1. Top of page
  2. Abstract
  3. Methods
  4. Indoor air quality: the extent of the problem and maps of pollutants in dwellings
  5. Sources of indoor air pollutants
  6. Health determinants in dwellings and their effects
  7. Recommendations for preventive actions on indoor air quality in dwellings
  8. Recommendations for a European programme on indoor air quality in dwellings
  9. Future research
  10. Concluding remarks
  11. Acknowledgments
  12. References

Many factors affect indoor air quality. Outdoor pollutants (e.g. pollen, and traffic and industrial emissions) enter buildings through open windows, ventilation system air intakes and building leaks. These pollutants, together with pollutants that arise inside the building concentrate in tightly sealed, inadequately ventilated buildings. Ventilation systems meant to bring in clean or filtered outdoor air and to flush out ‘used’ indoor air do not always function properly because of poor design or poor maintenance (16).

The major sources of indoor pollutants are (17):

  • • 
    Tobacco smoking indoors
  • • 
    Water and moisture damage
  • • 
    Microbial growth
  • • 
    Unvented combustion indoors (gas heaters, cookers, etc.)
  • • 
    Emissions from building materials and furnishings
  • • 
    Household activities (cooking; cleaning chemicals and procedures, use of deodorizers and fragrances, sweeping and vacuuming)
  • • 
    Heating, ventilation and air conditioning (HVAC), dust or dirt in the ductwork or other components, microbiological growth in drip pans, humidifiers, ductwork and coils, improper use of biocides, sealants and/or cleaning products
  • • 
    Contaminated outdoor air (pollen, dust, fungal spores; industrial pollutants; general vehicle exhaust)
  • • 
    Soil gas (radon, contaminants from previous uses of the site)
  • • 
    Redecorating/remodelling/repair activities (paint, caulk, adhesives and other products)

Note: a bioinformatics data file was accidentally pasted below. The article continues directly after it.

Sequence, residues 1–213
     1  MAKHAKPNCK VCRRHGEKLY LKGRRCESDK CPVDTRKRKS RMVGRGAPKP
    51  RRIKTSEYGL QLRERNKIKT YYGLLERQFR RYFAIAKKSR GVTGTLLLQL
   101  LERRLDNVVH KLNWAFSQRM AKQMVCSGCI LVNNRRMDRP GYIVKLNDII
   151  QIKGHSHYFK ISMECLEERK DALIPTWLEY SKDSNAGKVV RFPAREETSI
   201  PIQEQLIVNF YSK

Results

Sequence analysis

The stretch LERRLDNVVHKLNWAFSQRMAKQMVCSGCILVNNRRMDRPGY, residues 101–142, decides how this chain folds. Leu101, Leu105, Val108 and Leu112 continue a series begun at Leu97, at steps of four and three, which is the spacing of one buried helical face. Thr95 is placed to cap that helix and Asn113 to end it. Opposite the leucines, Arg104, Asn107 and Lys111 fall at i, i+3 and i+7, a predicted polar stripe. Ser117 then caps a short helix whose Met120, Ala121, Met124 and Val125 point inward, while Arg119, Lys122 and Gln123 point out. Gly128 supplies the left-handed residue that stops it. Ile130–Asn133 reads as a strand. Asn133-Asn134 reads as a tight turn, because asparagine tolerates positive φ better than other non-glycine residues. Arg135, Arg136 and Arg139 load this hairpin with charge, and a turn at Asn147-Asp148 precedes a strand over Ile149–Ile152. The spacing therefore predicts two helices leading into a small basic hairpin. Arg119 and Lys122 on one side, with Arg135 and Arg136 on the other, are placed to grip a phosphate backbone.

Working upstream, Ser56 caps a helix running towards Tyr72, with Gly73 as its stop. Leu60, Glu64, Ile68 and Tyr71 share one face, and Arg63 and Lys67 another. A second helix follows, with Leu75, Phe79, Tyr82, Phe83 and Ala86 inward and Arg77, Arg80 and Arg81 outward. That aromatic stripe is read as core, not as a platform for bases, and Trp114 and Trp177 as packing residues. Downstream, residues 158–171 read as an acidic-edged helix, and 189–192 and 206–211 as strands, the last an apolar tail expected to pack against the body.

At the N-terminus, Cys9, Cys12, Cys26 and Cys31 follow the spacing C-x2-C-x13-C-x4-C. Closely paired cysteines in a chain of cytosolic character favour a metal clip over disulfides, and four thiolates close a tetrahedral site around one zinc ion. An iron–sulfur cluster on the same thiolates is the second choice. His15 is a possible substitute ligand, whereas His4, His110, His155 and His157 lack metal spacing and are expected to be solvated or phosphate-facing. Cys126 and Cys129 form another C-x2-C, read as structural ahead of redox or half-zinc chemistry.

• • 
    Pesticides
  • • 
    Pets
  • • 
    Unsanitary conditions and water damage
  • • 
    Supplies (solvents, toners, ammonia)
  • • 
    Individuals (body odour; cosmetic odours)
  • • 
    Accidental events

Health determinants in dwellings and their effects

  1. Top of page
  2. Abstract
  3. Methods
  4. Indoor air quality: the extent of the problem and maps of pollutants in dwellings
  5. Sources of indoor air pollutants
  6. Health determinants in dwellings and their effects
  7. Recommendations for preventive actions on indoor air quality in dwellings
  8. Recommendations for a European programme on indoor air quality in dwellings
  9. Future research
  10. Concluding remarks
  11. Acknowledgments
  12. References

The major health determinants in dwellings were found to be tobacco smoke, dust mites, pet allergens, cockroaches, mould, pollen, nitrogen oxide, formaldehyde, VOCs, indoor-generated particulate matter, man-made mineral fibres, radon, CO and CO2. For each indoor pollutant, the evidence-based information related to exposure and to the health effects of air pollution in dwellings, particularly as regards allergies, asthma and other respiratory diseases have been collected.

Four main conditions have been related to indoor air quality.

  • 1
    Building-related illnesses are conditions that are directly attributable to environmental agents present in the air of a building. Legionnaire's disease and CO intoxication are examples of building-related diseases that can have serious consequences.
  • 2
    Several allergic diseases have been associated with indoor air pollution, namely rhinitis with ‘hay fever’ symptoms, asthma with wheezing, tightness of the chest and shortness of breath. In addition, extrinsic allergic alveolitis with acute pneumonia-like bouts of fever, cough and lung infiltration can result from poor air quality.
  • 3
    Sick building syndrome refers to buildings in which most of the building occupants experience acute health and comfort effects that seem to be linked to the time they spend in the building, but in which no specific illness or cause can be identified (18).
  • 4
    Lastly, a small percentage of the population may be sensitive to chemicals in indoor air – a condition known as ‘multiple chemical sensitivity’.

In particular, indoor pollutants can affect the respiratory system in various ways. In fact, they can cause or exacerbate acute and chronic respiratory diseases and they can also cause a decline in respiratory functions and sensitization to common aeroallergens. Exacerbation of asthma and allergic illnesses is strongly linked to exposure to allergens such as house dust mite, cat, dog, cockroach, fungi and mould, to certain chemical compounds (e.g. formaldehyde, NO2 and oxidants) and to environmental tobacco smoke. The relevant public health burden of mould/dampness exposure at home has recently been demonstrated in a large epidemiological study (20 016 children, mean age 7 years; and 13 266 adolescents, mean age 13 years) in Italy (19). It was found that avoidance of early exposure would abate wheeze by 6%, asthma or cough/phlegm by 7%, rhinoconjunctivitis by 4% in children, asthma by 6% and wheeze by 4% in adolescents.